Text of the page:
Prof. Uche Okeke (Nigerian, 1933-2016) Adam and Eve
Lot 26*
Prof. Uche Okeke
(Nigerian, 1933-2016)
Adam and Eve
Sold for £56,250 (US$ 75,248) inc. premium

Lot Details
Prof. Uche Okeke (Nigerian, 1933-2016)
Adam and Eve
signed and dated 'Uche Okeke / 1965' (lower right); inscribed 'Uche Okeke/ Enugu 1965' (verso)
oil on board
121 x 90cm (47 5/8 x 35 7/16in).

Footnotes

  • Provenance
    Private collection, Nigeria.

    Exhibited
    New York, Museum of Modern Art PS1, The Short Century: Independence and Liberation Movements in Africa, 1945-1994, February 10 to May 5, 2002. Cat. no. ?

    Literature
    C.Okeke-Agulu, Postcolonial Modernism: Art and Decolonization in Twentieth-Century Nigeria, illustrated p.269.

    This painting was part of The Short Century exhibition curated by Okwui Enwezor in 2002. The show was partly conceived as a 'biography' of Africa following the Second World War. The years between 1945 and 1994 were characterised by the continent's transition to independence. In 1945, the 5th Pan-African Congress gathered in Manchester to make their case for self-rule. The Negritude movement also spoke out against colonialism and cultural assimilation, encouraging black Africans to take pride in their heritage. As a swathe of African countries achieved independence in the 1960s and 70s, artists became increasingly preoccupied with developing distinct national styles, inspired by ancient African traditions as opposed to those of their colonial oppressors.

    Uche Okeke was at the forefront of this artistic movement. Previously, talented Nigerian artists had travelled to European academies for training. Okeke however was a home grown talent, studying at the Nigerian College of Arts, Science and Technology in Zaria from 1958 to 1961. Much of his work is grounded in Igbo folklore and mythology, depicting spirits and masqueraders. The fluid, broad brushstrokes of his compositions owe to the linear uli designs of the Igbo people.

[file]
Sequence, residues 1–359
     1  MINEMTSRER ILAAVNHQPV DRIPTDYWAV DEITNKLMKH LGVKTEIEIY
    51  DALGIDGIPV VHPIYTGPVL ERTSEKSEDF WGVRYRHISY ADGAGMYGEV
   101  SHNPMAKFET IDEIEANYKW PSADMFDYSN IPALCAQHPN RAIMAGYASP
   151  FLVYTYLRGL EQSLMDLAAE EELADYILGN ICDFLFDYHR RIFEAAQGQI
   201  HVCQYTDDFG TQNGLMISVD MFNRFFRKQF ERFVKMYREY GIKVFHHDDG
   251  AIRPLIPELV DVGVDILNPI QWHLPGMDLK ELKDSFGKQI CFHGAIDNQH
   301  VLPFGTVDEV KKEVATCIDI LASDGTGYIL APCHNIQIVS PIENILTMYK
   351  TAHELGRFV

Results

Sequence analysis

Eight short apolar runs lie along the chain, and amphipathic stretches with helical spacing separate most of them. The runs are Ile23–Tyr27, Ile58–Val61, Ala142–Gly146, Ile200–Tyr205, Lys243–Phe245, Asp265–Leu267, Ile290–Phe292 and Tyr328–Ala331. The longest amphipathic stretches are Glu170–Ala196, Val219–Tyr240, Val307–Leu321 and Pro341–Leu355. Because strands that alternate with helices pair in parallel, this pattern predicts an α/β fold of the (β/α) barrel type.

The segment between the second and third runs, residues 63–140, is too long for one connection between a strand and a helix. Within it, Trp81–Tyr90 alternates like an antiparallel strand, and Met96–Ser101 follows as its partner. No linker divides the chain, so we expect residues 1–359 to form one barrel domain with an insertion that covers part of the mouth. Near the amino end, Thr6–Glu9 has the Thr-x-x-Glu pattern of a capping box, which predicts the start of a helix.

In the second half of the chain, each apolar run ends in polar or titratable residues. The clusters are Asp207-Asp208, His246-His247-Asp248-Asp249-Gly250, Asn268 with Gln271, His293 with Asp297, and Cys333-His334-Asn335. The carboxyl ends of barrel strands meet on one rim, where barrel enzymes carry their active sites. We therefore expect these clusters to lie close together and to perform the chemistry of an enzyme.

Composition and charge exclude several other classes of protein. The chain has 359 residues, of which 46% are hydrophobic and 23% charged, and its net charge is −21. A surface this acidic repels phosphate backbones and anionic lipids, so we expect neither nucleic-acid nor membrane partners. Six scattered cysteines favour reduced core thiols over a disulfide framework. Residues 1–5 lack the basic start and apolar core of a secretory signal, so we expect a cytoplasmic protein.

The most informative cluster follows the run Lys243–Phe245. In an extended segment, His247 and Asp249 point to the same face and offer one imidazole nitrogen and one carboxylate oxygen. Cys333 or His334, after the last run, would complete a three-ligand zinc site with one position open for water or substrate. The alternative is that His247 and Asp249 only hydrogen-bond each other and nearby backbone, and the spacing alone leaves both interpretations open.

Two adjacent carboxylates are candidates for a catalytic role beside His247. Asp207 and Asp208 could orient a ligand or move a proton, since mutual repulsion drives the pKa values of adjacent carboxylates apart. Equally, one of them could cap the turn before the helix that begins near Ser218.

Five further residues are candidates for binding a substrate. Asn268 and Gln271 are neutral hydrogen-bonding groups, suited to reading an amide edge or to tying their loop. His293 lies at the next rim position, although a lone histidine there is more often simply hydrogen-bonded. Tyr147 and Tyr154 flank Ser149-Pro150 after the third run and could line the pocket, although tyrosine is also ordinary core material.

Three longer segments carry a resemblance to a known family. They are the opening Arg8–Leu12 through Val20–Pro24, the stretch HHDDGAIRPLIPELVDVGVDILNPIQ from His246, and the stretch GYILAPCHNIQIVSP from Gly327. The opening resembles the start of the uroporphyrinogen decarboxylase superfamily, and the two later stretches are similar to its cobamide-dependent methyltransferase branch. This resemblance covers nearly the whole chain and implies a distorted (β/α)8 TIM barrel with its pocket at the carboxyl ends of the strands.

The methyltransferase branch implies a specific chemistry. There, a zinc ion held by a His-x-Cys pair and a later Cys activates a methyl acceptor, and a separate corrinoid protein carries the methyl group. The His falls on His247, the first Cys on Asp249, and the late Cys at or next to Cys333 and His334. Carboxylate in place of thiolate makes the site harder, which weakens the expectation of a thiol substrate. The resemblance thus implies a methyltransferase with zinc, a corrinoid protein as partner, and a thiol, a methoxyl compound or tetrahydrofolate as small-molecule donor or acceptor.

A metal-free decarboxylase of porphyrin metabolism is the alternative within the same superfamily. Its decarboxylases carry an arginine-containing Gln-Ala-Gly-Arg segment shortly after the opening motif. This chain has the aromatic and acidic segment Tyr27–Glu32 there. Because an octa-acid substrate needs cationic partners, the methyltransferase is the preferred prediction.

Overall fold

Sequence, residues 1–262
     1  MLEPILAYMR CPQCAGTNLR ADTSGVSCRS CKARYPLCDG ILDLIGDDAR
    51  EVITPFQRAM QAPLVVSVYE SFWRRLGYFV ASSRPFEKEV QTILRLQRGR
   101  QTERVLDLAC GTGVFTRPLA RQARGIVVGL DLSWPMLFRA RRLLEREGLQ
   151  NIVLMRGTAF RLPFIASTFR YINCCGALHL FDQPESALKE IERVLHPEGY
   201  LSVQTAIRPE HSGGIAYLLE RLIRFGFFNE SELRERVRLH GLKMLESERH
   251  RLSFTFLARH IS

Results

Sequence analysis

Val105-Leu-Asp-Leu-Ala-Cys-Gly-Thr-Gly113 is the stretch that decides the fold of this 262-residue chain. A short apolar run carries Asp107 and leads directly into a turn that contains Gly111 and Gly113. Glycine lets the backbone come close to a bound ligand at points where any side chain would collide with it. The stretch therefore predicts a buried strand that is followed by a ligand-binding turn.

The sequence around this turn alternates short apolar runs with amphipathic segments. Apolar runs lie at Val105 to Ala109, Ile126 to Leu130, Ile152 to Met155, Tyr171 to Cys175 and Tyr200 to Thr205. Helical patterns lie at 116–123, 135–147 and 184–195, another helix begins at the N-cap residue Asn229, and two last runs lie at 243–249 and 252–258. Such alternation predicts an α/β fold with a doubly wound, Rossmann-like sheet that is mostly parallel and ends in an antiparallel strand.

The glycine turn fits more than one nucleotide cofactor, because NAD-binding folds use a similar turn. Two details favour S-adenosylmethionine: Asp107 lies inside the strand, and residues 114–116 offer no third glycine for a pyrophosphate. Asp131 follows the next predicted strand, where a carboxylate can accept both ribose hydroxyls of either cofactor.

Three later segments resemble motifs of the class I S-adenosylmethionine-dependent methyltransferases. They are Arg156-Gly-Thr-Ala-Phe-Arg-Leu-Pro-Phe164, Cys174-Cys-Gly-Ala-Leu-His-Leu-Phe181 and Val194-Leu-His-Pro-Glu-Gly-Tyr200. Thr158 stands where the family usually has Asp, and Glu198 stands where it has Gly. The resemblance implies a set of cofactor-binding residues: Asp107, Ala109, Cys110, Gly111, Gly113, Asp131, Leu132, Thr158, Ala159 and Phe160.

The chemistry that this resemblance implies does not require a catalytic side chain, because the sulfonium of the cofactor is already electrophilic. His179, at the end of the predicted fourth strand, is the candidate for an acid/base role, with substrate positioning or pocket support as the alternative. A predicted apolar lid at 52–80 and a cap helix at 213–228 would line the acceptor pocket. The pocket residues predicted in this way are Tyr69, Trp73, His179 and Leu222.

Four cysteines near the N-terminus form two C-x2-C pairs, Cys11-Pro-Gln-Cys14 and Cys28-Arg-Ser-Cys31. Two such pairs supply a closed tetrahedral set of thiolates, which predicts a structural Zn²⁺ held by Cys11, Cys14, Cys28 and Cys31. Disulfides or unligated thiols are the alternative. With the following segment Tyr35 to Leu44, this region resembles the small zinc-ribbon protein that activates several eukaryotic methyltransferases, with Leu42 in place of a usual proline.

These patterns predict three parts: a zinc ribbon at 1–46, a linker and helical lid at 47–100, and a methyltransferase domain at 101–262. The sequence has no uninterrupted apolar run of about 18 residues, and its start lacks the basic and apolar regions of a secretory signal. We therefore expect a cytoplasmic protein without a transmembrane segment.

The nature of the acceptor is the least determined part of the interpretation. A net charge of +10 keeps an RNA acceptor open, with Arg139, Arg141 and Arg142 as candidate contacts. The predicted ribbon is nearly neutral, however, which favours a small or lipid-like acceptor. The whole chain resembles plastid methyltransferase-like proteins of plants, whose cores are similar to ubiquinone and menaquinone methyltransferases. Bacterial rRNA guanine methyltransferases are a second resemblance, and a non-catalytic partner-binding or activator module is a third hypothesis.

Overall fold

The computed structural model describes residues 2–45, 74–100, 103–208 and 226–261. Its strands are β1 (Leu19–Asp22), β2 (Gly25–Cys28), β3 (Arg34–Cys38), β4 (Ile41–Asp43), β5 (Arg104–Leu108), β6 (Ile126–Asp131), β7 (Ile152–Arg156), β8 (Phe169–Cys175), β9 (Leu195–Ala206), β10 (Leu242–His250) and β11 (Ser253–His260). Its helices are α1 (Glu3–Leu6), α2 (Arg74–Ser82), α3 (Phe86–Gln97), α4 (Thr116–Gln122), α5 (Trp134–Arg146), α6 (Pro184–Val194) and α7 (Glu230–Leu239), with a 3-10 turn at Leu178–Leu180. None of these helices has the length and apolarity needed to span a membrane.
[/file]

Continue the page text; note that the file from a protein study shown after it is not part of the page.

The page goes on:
This painting, Adam and Eve, is unusual in Okeke's oeuvre in that it depicts a scene from Genesis. However, the representation of the first man and woman in Eden departs from the conventional iconography of Christian art in a number of respects. The curvilinear foliage in the foreground is a riot of colour and movement. The snaking dark tree branches on the left cut a stark contrast with the vibrant blue sky. The scene communicates life and the power of nature first and foremost; Adam's attempt to cover his genitals is the only signpost of the painting's Biblical source. Okeke's colourful re-imagining of the Garden of Eden is an attempt to offer a uniquely Nigerian interpretation of the oft-painted scene.

    The work has been exhibited at the Villa Stuck in Munich, the House of World Cultures in Berlin, and MoMA in New York.

    Bibliography
    O.Enwezor, The Short Century: Independence and Liberation Movements in Africa, 1945-1994, exhibition catalogue, (2002) pp.2-5.
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